Rubio: Sanders would be a great president — for Norway
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Republican presidential candidate Marco RubioMarco Antonio RubioGOP Senate candidates trade barbs in brutal Indiana primary Students gather outside White House after walkout to protest gun violence Overnight Energy: Senate confirms Bridenstine as NASA chief | Watchdog probes Pruitt’s use of security detail | Emails shine light on EPA science policy changes MORE says Democratic hopeful Bernie SandersBernard (Bernie) SandersSanders ally pushes Dems on cutting superdelegates Sanders: ‘Trump's agenda is dead’ if Democrats win back majority Hannity snaps back at 'Crybaby' Todd: 'Only conservatives have to disclose relationships?' MORE' political leanings belong in another country.

“I think Bernie Sanders is a great candidate for president — of Norway," Rubio said Saturday at the New Hampshire GOP's First In The Nation presidential town hall in Nashua. 

"I don’t want to be called Norwegian , I have nothing against Norway. We have a really good candidate for you: Bernie Sanders.”

The Florida senator's barb comes just weeks before the first votes are cast in Iowa and New Hampshire, as Sanders closes his gap with Democratic front-runner Hillary ClintonHillary Diane Rodham ClintonClinton takes swipe at 'false equivalency' in media coverage of 2016 election Former presidents, first ladies come together to honor Barbara Bush Romney: Parts of Comey book read 'too much like a novel’ MORE in Iowa and continues to gain strength in New Hampshire.

Republican candidates have mostly focused on bashing Clinton on the stump, almost ignoring Sanders, but he's drawn increased attention from the GOP as he rises in the early states.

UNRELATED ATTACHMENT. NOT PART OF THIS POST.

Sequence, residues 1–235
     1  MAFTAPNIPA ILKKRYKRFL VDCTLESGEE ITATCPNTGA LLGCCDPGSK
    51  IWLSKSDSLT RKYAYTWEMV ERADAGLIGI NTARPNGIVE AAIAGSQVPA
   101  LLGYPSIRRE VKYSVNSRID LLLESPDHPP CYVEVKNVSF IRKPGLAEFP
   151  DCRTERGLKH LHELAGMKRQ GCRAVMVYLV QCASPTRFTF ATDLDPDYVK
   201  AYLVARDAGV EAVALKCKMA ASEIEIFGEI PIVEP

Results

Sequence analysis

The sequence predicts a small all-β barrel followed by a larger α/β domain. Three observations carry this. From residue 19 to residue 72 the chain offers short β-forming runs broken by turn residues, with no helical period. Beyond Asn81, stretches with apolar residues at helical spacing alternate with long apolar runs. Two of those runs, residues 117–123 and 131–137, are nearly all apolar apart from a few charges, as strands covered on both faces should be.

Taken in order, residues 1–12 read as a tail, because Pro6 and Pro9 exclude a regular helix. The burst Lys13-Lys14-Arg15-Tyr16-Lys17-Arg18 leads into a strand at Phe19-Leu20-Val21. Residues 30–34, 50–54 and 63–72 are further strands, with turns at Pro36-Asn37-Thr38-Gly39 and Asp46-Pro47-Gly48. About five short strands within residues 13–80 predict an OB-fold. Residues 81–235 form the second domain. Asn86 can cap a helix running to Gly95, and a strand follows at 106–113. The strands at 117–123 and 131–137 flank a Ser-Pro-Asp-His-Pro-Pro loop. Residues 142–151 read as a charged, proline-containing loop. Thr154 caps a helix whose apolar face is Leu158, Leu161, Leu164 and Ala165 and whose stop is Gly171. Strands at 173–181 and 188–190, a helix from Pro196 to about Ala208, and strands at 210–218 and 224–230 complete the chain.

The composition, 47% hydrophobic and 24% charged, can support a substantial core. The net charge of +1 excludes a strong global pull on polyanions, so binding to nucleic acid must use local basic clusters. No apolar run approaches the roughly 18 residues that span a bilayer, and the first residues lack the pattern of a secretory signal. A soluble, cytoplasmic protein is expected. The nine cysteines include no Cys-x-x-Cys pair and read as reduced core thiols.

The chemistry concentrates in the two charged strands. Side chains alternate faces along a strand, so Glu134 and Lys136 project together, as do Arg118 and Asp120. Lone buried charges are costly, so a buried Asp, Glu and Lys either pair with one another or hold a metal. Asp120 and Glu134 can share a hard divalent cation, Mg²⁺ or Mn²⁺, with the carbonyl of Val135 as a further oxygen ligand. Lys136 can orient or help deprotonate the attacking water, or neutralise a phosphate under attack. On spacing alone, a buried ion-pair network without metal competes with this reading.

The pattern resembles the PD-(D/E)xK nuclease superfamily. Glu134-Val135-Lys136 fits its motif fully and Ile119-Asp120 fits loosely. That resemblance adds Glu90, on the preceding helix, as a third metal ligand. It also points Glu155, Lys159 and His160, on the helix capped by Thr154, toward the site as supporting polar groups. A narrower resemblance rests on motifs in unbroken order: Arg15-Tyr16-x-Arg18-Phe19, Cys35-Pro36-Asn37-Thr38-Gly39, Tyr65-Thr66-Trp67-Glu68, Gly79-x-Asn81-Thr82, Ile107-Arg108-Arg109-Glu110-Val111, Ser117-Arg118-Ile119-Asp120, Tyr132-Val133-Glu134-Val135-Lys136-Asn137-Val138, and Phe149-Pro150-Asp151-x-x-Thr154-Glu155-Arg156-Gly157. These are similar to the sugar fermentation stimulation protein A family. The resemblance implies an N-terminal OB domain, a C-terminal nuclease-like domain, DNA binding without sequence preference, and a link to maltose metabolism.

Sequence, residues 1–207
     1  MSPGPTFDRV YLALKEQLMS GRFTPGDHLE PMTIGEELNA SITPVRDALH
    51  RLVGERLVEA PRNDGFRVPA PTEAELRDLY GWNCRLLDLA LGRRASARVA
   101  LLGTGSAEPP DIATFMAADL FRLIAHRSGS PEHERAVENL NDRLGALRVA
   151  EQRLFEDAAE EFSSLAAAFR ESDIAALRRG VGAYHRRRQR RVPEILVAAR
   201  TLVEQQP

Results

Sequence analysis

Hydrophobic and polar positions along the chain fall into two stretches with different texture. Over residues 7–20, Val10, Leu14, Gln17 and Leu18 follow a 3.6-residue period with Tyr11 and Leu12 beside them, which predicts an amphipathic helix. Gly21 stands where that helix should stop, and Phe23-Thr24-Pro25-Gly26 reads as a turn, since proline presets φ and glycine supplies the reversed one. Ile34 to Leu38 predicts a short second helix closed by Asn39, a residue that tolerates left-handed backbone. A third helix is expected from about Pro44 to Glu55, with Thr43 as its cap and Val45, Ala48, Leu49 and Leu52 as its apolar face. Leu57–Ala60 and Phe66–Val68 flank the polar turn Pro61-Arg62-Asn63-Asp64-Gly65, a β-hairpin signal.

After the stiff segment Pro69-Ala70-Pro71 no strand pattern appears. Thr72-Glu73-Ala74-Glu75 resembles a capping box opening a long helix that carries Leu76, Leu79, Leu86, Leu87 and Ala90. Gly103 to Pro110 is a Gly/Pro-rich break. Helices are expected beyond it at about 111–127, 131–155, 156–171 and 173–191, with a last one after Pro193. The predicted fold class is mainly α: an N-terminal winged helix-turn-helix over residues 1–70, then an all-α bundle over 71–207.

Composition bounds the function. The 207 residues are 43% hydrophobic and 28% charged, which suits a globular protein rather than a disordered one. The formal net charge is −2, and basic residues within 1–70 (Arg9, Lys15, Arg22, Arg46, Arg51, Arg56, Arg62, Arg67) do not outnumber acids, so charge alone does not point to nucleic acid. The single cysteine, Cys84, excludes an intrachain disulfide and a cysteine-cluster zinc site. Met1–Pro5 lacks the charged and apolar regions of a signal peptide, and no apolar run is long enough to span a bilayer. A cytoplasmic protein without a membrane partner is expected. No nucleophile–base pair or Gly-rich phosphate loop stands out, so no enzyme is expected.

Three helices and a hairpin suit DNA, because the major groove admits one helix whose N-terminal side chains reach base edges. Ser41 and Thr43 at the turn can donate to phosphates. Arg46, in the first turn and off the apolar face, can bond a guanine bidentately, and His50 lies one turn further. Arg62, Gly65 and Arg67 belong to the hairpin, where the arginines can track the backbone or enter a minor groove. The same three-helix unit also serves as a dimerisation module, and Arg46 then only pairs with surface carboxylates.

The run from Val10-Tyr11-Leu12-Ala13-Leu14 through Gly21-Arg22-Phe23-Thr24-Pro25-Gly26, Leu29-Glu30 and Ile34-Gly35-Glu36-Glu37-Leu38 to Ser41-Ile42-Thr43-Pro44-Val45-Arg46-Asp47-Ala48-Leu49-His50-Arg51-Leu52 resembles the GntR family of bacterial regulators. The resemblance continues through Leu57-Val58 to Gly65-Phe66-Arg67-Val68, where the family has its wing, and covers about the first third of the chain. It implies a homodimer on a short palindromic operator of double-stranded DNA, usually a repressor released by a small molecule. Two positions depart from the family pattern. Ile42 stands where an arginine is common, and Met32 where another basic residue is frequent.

But Rubio did not hold his fire on Clinton, repeating his belief that Clinton is "disqualified' thanks to her use of a private email server and that she "lied" to the families of the victims of the 2012 Benghazi terrorist attack, a line that's become one of his favorite from the stump. 

And he framed the Democrats in general as the cause of the "overtaxation problem in America."

"Their solution to everything is taxes. Concussions in football? Let's put a tax on it," he joked.

"You want to know why businesses are leaving America? We have one of the most tax-crazy environments in the world." 

Rubio also contrasted himself with other Republican candidates. Ted CruzRafael (Ted) Edward CruzCruz's Dem challenger slams Time piece praising Trump Race for Republican Speaker rare chance to unify party for election 32 male senators back Senate women's calls to change harassment rules MORE was the main target of that criticism, as Rubio implicitly swiped at his support of a Value Added Tax and accusations that he supports cuts in military spending. 

"The most important thing the federal government does is supposed to keep us safe. The world is a dangerous place ... [but] in the face of this growing danger, they are gutting our military," Rubio said of the Obama administration, before pivoting towards unnamed GOP rivals. 

"I find it unacceptable that people running as Republicans who have voted to spend even less." 

It was a seeming shot at Cruz, whom Rubio has accused of voting for a budget that cuts military spending. Cruz has brushed that aside, noting that he's voted for an amendment specifically offered by Rubio to raise military spending. 

During a question-and-answer session, Rubio also pushed back at the onslaught of negative advertising he's faced from both Republicans and the Democrats. 

"There have been $25 million spent in attacks against me. That didn’t come from $20 checks, those were multimillion-dollar checks raised to attack,"  he said, noting that he's been told to wait his turn and that he's too young to run for president. 

"Every time we listen to the people in Washington who say this is who we should nominate, we lose," he added.